Why inflation matters

Coming back to the July developments, the inflation rate remained as in June, in a region dangerously close to zero. Economists had hoped that the May rise of the consumer price index to 0.3% could have marked an irreversible turn to the better, up from the straight zero in April and the negative showings in March and February. Unfortunately, this didn’t turn out to be so. All along the past seven deflationary years Germany has had been loudly arguing that there is nothing wrong with the zero or even negative inflation rates. Under such selfish economic thinking it’s not a surprise that the ECB has been chained to inaction and blocked from supporting the real economy, with big money injections as the Fed did. Facts show that the expensive euro has been Germany’s main goal, no matter how much harm this may do to the rest of Eurozone countries.

Yet the euro fell

However, despite the fact that the Eurozone inflation oscillates close to the zero area, the euro has lately lost a good part of its value vis-à-vis the dollar falling below the 1.1 benchmark parity. Why? The answer is obviously Greece. Again the German economic elite, represented authentically by the Federal Minister of Finance Wolfgang Schauble, went nuts with Athens, and did and still does whatever they can to push the Greeks out of Eurozone. In this way they hope that the euro will regain the 1.40 level with the dollar. Obviously, Berlin becomes crazy with whatever may depress the foreign value of the euro, be it a generous aid program to Greece or a wholesale quantitative easing, much higher than the €1.14bn the ECB is currently applying.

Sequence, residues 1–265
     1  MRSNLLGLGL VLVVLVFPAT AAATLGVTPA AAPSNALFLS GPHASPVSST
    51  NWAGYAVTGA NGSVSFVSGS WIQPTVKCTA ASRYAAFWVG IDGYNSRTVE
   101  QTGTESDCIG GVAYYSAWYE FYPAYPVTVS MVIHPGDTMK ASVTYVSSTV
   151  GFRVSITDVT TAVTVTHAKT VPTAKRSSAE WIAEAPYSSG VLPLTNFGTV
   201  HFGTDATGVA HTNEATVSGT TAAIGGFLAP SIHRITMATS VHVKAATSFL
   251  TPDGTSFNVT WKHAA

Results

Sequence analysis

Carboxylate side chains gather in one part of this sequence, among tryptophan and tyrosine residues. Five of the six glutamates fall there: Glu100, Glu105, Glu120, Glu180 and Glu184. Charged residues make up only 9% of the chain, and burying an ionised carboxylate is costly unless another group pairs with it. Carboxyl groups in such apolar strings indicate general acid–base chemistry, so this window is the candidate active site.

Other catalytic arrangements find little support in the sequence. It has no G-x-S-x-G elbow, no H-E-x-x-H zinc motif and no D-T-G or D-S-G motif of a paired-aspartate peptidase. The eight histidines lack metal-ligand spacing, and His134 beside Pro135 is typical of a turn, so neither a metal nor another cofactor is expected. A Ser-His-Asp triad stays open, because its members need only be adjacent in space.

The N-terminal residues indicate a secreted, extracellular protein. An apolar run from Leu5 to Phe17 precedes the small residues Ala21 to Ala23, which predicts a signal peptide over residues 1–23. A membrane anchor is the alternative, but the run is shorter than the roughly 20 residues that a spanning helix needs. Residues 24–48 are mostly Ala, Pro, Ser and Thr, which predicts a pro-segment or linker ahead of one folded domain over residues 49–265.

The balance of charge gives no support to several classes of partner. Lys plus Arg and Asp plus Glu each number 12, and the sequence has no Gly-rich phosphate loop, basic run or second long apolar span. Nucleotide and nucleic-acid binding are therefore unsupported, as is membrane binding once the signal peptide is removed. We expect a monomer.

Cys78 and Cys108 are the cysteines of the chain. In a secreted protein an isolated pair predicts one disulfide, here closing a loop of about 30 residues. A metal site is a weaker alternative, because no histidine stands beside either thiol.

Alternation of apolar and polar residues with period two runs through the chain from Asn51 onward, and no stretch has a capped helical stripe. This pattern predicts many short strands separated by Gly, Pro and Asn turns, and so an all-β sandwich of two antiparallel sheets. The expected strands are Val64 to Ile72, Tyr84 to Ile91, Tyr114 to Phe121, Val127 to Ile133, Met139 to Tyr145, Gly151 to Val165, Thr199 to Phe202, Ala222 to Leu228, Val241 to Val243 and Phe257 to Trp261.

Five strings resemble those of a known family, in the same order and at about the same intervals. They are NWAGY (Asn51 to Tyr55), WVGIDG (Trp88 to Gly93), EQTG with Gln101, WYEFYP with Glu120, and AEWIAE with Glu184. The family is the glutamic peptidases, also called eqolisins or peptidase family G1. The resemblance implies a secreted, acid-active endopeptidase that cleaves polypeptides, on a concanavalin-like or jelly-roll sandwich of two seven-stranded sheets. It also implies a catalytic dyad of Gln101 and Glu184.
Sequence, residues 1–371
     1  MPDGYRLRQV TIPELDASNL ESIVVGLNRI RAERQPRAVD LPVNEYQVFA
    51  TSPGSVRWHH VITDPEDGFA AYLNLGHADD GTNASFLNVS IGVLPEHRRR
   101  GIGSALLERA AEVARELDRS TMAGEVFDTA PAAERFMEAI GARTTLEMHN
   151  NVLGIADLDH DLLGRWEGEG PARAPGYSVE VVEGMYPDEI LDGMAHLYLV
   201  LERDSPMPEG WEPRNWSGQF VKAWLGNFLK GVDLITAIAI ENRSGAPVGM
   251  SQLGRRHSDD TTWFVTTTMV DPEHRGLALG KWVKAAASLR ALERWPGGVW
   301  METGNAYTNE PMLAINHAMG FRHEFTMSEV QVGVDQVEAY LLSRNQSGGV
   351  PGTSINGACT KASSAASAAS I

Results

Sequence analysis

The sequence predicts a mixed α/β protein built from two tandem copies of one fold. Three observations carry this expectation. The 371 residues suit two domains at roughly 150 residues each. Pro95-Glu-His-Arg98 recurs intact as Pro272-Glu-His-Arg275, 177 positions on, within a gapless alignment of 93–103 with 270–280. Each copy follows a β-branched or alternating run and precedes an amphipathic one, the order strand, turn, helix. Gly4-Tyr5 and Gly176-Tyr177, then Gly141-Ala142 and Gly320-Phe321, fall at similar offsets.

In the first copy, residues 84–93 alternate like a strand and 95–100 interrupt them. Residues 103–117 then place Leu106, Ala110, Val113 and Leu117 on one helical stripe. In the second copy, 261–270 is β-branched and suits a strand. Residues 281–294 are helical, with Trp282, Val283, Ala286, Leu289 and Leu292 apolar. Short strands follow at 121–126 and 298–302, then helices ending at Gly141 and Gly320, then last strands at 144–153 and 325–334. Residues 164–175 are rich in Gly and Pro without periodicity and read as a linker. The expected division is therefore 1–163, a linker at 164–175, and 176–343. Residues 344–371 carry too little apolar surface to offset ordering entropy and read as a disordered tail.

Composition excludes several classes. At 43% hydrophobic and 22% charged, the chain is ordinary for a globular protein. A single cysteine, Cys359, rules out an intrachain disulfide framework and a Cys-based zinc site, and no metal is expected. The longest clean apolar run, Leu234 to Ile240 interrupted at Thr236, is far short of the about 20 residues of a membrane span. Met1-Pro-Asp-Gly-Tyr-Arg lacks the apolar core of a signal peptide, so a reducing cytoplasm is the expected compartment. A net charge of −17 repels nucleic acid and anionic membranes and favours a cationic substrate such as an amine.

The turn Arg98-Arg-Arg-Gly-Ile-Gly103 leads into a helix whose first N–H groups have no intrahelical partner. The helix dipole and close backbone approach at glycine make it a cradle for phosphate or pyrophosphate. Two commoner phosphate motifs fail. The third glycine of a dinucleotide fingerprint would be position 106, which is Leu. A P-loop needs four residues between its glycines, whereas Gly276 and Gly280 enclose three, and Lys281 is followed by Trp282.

It seems though that all good things have an end. This time France and Italy supported strongly by the US have cornered Germany to agree and keep Greece in the Eurozone and on top of that write off a good part of the Greek debt. The Americans don’t mind much if the euro is cheap compared with the dollar. They are afraid of the Germans only in the case when the Teutons armed with an expensive euro can start buying vast amounts of US assets very cheaply.

Then came Greece

As things stand now Greece is to stay in Eurozone, and consequently the euro/dollar parity will remain at lower levels. On top of that, if in a few months ECB’s €1.14tn quantitative easing program proves insufficient to revive the euro area economy the ECB may consider increasing it and further suppressing the foreign value of the euro. France, Italy, Spain and more euro area countries supported strongly by the US have every reason to see the Eurozone economy start growing again and this can be done easier with a cheaper euro. The Americans are not anxious about their trade deficits. All they care for is that the dollar remains the king of the world and the only reserve currency. The US actually ‘owns’ now the largest part of the Middle East together with its oil deposits and their new-found allies, the Kurds, are there to see to that.